Whenever you create content, it has specific goals and audiences, but over time these may change. That’s when content recycling comes in handy, by either enriching the content or fundamentally changing it to increase its value.
It is worth mentioning that in English this procedure is called repurposing (purpose=objective). Recycling content can add value to your message by reinforcing it in new ways or making it relevant to current reality
Over time, your blogs or other forms of publishing become outdated and don’t have the SEO power they once did. However, this does not mean that all your work has been wasted. Repurposing content is a way to take the content you’ve already published and revitalize it to work better for you. This way, you can reach people you missed the first time around, and you save time because you’re not writing from scratch.
Why is repurposing recycled content so important for SEO?
Search engine optimization is a complex endeavor because in order to land on the first page of Google, we have to consider many criteria. Content recycling is definitely one way to help our SEO.
Suppose you have one blog post that generates a lot of traffic, why not create an infographic and a video based on it? This way you will increase organic traffic with a minimal investment of time and money.
When you repurpose your old blogs, for example, you have the opportunity to put your SEO knowledge to good use. Perhaps some keywords were gaining popularity when you wrote the blog, but that’s not the case now. You can rework your blog to include more current keywords.
How do you decide which content to recycle?
You’ve decided that some of your content can be reused to better help your site, but where do you start? There are several steps you can take to develop a content repurposing strategy.
Know your purpose
Always start with clear goals. Why are you repurposing your content? Repurposing your content is perfectly fine if your goals have changed. For example, if you’ve launched a new product that also qualifies for women, for example, and your most-read blog posts are aimed solely at men, it’s worth thinking about recycling. A redesign might include editing keywords, links, descriptions, headlines, and so on. Repurposing may involve changing the entire intent of the content.
Audit your existing content
Start by finding the content that best fits your current goals. Do you want to reach a specific audience or sell more of a specific service? The best repurposed articles are those that provide a gateway to those goals. For example, maybe you want to sell your online course. Start with content that is about online personal development or posts that describe the course.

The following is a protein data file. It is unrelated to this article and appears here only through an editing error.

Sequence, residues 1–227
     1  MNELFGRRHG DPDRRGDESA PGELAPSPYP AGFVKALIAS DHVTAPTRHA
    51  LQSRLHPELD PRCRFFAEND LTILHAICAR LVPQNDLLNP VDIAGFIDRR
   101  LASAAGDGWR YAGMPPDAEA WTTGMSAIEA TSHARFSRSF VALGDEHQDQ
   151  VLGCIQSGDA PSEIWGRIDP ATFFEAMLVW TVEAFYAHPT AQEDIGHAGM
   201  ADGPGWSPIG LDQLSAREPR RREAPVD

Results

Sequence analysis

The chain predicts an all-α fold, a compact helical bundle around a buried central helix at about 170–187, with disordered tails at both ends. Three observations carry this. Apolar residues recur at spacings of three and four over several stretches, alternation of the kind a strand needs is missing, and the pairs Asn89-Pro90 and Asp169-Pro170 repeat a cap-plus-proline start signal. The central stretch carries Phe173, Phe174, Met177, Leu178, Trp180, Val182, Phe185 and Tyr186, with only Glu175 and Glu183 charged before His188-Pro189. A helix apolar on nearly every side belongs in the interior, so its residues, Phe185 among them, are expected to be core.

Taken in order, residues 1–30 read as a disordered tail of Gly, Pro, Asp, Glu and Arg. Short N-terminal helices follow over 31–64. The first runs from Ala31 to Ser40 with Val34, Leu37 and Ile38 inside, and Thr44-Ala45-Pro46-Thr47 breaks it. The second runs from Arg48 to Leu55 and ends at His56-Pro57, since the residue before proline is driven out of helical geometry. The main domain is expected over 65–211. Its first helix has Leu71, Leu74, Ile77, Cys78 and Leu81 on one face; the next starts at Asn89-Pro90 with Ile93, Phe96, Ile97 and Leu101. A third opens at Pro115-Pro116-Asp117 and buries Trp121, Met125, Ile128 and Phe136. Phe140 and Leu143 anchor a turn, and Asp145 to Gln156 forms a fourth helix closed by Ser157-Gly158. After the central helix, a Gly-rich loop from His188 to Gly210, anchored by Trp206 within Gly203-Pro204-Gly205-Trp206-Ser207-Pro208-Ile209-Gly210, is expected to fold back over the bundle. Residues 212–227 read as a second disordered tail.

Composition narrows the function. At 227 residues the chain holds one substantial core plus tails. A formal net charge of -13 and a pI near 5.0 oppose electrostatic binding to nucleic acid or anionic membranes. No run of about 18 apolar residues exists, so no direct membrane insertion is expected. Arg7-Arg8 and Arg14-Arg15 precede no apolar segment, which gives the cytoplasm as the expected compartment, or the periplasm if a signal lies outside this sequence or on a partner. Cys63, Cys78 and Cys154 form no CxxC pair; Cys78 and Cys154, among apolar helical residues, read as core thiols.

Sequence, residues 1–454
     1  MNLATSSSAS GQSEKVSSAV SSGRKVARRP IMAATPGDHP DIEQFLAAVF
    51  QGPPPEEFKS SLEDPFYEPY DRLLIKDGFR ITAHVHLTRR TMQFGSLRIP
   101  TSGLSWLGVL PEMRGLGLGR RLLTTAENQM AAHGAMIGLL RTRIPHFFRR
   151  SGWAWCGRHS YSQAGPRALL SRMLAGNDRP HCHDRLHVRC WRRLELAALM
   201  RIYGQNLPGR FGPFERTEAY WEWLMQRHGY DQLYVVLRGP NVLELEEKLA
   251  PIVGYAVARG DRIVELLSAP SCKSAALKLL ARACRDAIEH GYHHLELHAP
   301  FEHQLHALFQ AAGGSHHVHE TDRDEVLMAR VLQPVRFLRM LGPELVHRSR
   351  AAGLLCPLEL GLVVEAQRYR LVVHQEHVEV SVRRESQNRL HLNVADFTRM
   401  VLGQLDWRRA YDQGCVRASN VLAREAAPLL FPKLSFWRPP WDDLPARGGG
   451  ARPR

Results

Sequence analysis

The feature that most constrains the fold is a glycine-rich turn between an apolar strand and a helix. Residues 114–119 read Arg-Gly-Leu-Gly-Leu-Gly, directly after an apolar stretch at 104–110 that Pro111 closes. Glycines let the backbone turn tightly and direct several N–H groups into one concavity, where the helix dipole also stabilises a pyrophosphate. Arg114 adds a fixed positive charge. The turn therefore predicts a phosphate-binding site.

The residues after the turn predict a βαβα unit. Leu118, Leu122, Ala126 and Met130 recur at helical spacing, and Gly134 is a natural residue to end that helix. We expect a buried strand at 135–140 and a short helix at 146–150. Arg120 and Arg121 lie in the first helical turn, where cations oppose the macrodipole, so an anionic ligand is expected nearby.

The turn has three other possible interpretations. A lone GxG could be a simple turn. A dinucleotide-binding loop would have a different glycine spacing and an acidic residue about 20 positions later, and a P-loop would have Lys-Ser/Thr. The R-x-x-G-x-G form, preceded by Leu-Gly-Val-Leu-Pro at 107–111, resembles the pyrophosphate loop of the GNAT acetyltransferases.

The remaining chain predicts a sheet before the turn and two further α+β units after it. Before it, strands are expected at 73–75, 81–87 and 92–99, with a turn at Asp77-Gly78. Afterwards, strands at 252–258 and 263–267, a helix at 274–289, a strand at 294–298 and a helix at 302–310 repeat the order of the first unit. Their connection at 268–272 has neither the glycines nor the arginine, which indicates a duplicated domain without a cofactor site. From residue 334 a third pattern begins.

Process your most iconic posts
Do you have content that is hotly debated or your organic traffic numbers are skyrocketing? Above all, keep in mind such content, commonly known as “evergreen”. If you enrich and update posts that are still popular, you will increase their effectiveness.
Some ideas on how to put content recycling into practice
- Re-publish successful content
E.g. if your business has a Facebook account and it’s just passed a year since you published some interesting post, e.g. your restaurant was bursting at the seams, why not republish it and add a comment: “And a year ago it was like this”. This will help you reach a new audience, and it doesn’t cost you anything.
- Turn old blog posts into a guide
Once you have enough content on a topic, consider repackaging those blog posts into a fresh new guide. For example, you may have written in the past about how to install photovoltaic panels, which ones to choose, how they work. Turn them into a “Complete Guide to Photovoltaic Panels,” for example, which you can then use in your email marketing.
- Create infographics based on your best posts
Did you know that infographics get 12% more traffic and 200% more shares than posts without images? You can take advantage of this by turning valuable information from your blogs into compelling infographics for social media posts, website supplements, email newsletters, and more.
Main article image: photo by Carol Yepes / Moment / Getty Images